South African Reserve Bank (SARB) deputy governor Kuben Naidoo says that South Africa cannot afford to reject the tabling of its supplementary coronavirus budget as it will only prolong the country’s recession and make it harder to tackle the coronavirus pandemic.
Responding to critics in an opinion column for Business Day, Naidoo said that while it is true that government should spend more under the present circumstances, unless it sets out a clear and realistic path for reducing the deficit, South Africa’s access to capital markets will become more limited and more costly.
“Unless we demonstrate that we can repay our debts, at a point in future we will be unable to raise the amounts we need to tackle the devastating economic consequences of Covid-19,” he said.
He further cautioned that South Africa’s finances were ‘in far worse shape’ heading into the coronavirus pandemic compared to the 2009 financial crisis.
“Would we like to spend more? Of course, yes. Would we like to have the luxury of more time in which to reduce the deficit? Of course, yes. But because we have mismanaged our finances over the past decade; we do not have such luxuries.
“When there were calls over the past decade to restore our fiscal health and reduce the deficit, some of the same economists who now write in criticism of the budget rejected any proposal to reduce the deficit. We are now paying the price of that folly.”
Naidoo said that South Africa could get finances from abroad but indicated that this would just be a short-term fix. In the longer term we would have to pay back the loans with interest in a foreign currency, he said.
“That will have two effects. First, it will result in a continuous and steady flow of funds out of the country, and second it will increase the sensitivity of our currency and economy to global shocks in future.
“We risk becoming like Argentina: unable to pay our debt, giving up our sovereignty to outside creditors and limiting the developmental role of the state.”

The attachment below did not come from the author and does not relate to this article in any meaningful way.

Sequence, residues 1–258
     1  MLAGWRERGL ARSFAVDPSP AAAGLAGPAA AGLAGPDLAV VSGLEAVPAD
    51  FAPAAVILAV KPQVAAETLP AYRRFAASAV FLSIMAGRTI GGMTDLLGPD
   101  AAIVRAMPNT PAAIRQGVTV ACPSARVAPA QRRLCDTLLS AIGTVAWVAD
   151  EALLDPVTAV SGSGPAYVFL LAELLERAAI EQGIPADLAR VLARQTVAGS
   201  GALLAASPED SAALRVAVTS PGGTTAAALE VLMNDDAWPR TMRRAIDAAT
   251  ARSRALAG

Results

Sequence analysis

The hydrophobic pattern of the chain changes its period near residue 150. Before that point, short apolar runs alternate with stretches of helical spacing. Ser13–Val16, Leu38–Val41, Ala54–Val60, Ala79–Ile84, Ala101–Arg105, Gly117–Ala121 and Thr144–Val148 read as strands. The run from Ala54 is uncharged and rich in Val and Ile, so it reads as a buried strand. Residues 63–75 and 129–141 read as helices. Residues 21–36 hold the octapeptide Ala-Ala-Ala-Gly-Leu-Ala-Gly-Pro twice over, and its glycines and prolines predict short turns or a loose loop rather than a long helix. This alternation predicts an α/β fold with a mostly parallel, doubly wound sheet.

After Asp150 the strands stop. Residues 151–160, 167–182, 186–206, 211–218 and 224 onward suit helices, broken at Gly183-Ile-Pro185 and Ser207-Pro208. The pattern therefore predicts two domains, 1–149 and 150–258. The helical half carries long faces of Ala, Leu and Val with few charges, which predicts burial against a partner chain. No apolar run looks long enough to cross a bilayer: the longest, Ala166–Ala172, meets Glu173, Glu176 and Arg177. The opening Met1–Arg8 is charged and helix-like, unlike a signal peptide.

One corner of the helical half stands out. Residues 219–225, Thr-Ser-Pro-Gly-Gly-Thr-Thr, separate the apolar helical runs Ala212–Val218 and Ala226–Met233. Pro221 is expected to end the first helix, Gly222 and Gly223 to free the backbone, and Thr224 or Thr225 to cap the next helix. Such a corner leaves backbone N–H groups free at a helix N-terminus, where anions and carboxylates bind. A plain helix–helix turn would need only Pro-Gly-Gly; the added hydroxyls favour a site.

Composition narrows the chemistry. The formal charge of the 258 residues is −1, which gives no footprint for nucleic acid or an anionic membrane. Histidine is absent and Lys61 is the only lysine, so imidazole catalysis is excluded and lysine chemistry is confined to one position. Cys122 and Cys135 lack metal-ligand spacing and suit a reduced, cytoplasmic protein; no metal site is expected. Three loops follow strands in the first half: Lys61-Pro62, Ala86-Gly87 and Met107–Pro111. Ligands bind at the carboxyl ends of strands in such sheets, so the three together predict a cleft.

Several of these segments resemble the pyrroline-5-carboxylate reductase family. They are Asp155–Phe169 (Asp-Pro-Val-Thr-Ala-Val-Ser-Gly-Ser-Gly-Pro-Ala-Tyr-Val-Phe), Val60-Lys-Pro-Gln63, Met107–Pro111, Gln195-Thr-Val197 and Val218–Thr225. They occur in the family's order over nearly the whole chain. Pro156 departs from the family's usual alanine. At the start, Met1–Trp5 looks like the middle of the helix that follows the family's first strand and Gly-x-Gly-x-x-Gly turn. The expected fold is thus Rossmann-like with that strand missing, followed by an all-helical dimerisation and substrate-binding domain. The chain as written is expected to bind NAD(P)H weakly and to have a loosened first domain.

The Bureau for Economic Research (BER) has also indicated that some of the criticism aimed at the National Treasury is unfounded.
In a note published on Monday (6 July) the BER said that analysts and economists – including a group of nearly 100 experts – are heavily criticising National Treasury for a number of budgetary and economic shortfalls that have come to light in recent weeks.
“A heated debate is raging about the fiscal consolidation outlined in the supplementary budget tabled on 24 June, the BER said.
“The debate ranges from vociferous critique against the planned spending cuts from 2021, to scepticism from rating agencies (and some local analysts) on whether the envisaged cuts could even be implemented.
“In our view, some of the critique directed against the Treasury is misplaced,” it said.
“The well-published delays with distributing the temporary Covid-19 Social Relief of Distress grant for vulnerable people who do not qualify for an existing grant is not due to Treasury keeping the purse strings tight. Rather, it is a function of wider government inefficiencies,” the BER said.
“The impact of the relief package is also being diluted by low take-up of the R200 billion loan guarantee scheme. Again, the blame for this should not be laid at Treasury’s door,” it said.